Humira for Crohn’s Disease
Crohn’s disease is an inflammatory bowel disease that can affect the entire GI tract from beginning to end. This disease is classified as auto-immune which means that the body’s own immune system has turned on itself, attacking healthy tissue in addition to its normal role in attacking and controlling invading cells, such as cancer or bacteria. Unfortunately, Crohn’s disease does not have a cure, but there are many ways to manage it, one of which is medical therapy.
You may have seen advertisements for Humira – a blockbuster drug used in patients with moderate to severe Crohn’s disease that has not responded to other lifestyle and medical interventions. Humira has shown clinically significant improvement in remission rates when compared to placebo. For many patients, Humira remains a viable option for controlling a disease that may have plagued them for years.
But, as with any medication, there are side effects and considerations that patients should discuss with their colorectal specialist or gastroenterologist. These may include:
- Medicines may become less effective over time, requiring higher dosages or a transition to a different medication.
- Humira is an immunosuppressant, meaning it reduces the effectiveness and activity of the immune system in order to reduce the symptoms associated with Crohn’s disease. Of course, the side effect of a compromised immune system is the ability for opportunistic infections to take hold more easily. This is especially relevant today with COVID being so prevalent.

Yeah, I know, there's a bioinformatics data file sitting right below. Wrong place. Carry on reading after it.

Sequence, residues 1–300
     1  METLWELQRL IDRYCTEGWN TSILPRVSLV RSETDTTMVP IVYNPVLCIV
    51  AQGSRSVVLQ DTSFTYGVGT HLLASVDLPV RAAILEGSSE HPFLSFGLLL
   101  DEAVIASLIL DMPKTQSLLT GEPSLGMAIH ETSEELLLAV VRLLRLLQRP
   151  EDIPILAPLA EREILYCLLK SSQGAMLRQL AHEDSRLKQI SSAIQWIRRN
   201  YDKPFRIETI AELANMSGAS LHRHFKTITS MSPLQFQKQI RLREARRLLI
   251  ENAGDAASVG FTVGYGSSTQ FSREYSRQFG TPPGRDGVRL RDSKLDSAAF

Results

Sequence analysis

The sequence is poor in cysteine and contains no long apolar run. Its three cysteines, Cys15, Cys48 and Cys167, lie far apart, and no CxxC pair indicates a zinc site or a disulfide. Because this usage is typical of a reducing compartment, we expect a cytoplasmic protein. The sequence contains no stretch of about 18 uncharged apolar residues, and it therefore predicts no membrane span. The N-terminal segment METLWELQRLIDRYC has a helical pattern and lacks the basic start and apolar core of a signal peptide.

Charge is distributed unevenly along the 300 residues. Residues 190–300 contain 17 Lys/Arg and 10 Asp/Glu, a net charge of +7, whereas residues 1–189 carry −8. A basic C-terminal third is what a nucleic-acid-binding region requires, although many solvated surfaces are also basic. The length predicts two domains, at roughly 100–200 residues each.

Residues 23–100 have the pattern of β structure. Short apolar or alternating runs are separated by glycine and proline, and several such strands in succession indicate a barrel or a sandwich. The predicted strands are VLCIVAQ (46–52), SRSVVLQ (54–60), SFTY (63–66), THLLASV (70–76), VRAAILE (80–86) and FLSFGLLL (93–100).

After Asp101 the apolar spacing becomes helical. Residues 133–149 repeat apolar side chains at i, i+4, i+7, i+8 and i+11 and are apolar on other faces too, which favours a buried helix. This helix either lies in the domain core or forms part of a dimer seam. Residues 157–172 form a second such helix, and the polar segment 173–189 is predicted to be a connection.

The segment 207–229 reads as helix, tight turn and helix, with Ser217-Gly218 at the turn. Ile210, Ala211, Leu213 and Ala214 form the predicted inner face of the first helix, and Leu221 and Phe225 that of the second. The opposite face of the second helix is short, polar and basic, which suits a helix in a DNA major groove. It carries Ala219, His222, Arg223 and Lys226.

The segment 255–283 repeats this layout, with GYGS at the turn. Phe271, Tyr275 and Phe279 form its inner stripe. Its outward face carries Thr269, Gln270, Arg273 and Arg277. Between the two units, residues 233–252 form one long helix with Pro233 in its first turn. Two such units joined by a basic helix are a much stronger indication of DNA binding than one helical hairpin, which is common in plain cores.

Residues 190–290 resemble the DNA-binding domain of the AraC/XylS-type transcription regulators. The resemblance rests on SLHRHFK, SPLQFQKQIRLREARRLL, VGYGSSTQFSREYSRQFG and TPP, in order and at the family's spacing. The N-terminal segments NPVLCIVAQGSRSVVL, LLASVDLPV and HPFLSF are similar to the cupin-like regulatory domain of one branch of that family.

While there is no cure for Crohn’s disease, medical therapy with drugs such as Humira have dramatically improved the quality of life of patients suffering from Crohn’s disease. Surgical management of Crohn’s disease has become less common because of the newer medical therapies. However, surgical management of Crohn’s disease is still required for various complications of the disease over a patient’s lifetime. Decades ago, many surgeries for Crohn’s disease would result in an ostomy bag for the rest of the patient’s life. However, advances in technique and technology have reduced the need for an ostomy or big incisions and in fact most patients recover extremely well with a few long-term problems.
To schedule a consultation with Dr. Crean to talk about Crohn’s disease and whether medication or surgery may be right for your particular circumstance we encourage you to contact our office and schedule a consultation.